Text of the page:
A Mediator’s Perspective: A Peek Behind The Curtain - After Mediation
(PART 3 OF A 3-PART SERIES)
Upon the completion of a mediation session, one of three results typically occurs:
3.Ongoing settlement negotiations
A few comments regarding these 3 outcomes is worth noting.
1.Settlement: The Agreement is binding.
Assuming the case settles at mediation, clients must understand that the Mediation Settlement Agreement is a binding contract which can be enforced in a court of law, and that the parties may not later change their minds. If a party tries to wiggle out of a Mediation Settlement Agreement, the Settlement Agreement will likely be enforced by the Court and sanctions may be entered against the party trying to get out of the agreement reached at mediation.Sanctions may include attorney fees and paying the entire cost of the mediation session, which is typically split between the parties.Also, attempting to add new terms to the settlement post mediation is not advised.If one party wants confidentiality and/or non-disparagement language in a settlement and/or release agreement, it is best to make sure these terms are discussed during the actual mediation session before a final settlement is reached so everyone is on the same page.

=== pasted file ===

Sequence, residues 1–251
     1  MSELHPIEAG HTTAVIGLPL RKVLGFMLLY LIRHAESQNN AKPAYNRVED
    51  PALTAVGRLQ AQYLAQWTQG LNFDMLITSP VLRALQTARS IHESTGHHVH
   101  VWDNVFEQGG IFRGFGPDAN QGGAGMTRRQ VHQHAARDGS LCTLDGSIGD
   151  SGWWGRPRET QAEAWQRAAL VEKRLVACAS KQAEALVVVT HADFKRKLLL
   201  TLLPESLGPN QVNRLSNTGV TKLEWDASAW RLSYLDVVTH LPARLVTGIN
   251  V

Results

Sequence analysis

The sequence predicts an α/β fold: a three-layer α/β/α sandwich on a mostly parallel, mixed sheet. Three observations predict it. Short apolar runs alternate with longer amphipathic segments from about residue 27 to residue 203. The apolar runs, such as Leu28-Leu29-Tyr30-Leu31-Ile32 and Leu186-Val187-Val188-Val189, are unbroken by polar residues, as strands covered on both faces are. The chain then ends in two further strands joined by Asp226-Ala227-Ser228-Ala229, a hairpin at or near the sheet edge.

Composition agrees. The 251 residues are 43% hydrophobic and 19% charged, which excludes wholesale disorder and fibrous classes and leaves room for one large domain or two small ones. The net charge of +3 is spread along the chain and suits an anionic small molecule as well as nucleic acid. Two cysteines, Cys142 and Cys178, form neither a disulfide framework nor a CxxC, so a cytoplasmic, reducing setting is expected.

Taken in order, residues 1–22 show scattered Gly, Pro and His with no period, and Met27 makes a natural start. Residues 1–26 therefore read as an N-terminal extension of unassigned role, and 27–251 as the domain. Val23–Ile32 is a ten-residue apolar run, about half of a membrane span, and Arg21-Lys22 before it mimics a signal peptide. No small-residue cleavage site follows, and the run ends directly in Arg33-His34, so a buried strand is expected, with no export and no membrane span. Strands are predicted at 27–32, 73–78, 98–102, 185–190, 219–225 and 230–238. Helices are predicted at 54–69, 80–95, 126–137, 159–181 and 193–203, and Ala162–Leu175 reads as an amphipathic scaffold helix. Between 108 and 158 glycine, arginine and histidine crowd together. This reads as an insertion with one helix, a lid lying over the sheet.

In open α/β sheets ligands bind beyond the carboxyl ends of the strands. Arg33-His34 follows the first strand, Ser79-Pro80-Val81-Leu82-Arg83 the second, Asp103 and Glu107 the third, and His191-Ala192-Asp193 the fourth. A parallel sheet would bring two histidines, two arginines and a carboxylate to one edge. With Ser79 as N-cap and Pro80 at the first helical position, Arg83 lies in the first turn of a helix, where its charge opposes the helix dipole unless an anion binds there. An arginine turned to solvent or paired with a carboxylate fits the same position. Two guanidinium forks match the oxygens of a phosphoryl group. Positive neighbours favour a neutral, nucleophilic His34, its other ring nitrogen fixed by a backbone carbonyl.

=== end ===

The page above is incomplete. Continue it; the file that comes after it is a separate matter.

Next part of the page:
2.No Settlement: A “Mediator’s Proposal.”
Sometimes after a mediation session in which a case does not settle, one party may have second thoughts.Do not hesitate to re-engage the mediator to have additional settlement negotiations post-mediation.Also, following a failed mediation session, do not hesitate to contact the mediator soliciting a “Mediator’s Proposal.” Typically, during a mediation process, the mediator comes up with his or her own evaluation on how a case should resolve. If the parties are unable to reach an agreement during a mediation session, sometimes a Mediator’s Proposal post mediation can lead to a settlement.
3.Ongoing Settlement Negotiations: “If at first you don’t succeed…”.
If settlement negotiations remain ongoing between the parties after mediation, do not hesitate to further involve the mediator with these ongoing settlement discussions.Sometimes the mediator can influence third parties, such as lien holders, subrogation carriers, and others, to help facilitate a settlement post-mediation.Also, do not forget that if a case does not settle at the original mediation session, sometimes the second or third mediation can be the charm.Complex cases with multiple parties often require 2 and 3 mediation sessions before a case can be resolved. Lack of a settlement at the first mediation should not be viewed as a failure, but merely the first step on the path toward resolution.
About the Author:
Mr. Fitzharris is a registered civil mediator, and a member of The National Academy of Distinguished Neutrals, and the Defense Trial Counsel of Indiana. With nearly thirty years of litigation experience, he has represented major litigants in numerous mediations, arbitrations, jury trials, and bench trials.
He can be reached at (260) 423-8874 or at email@example.com.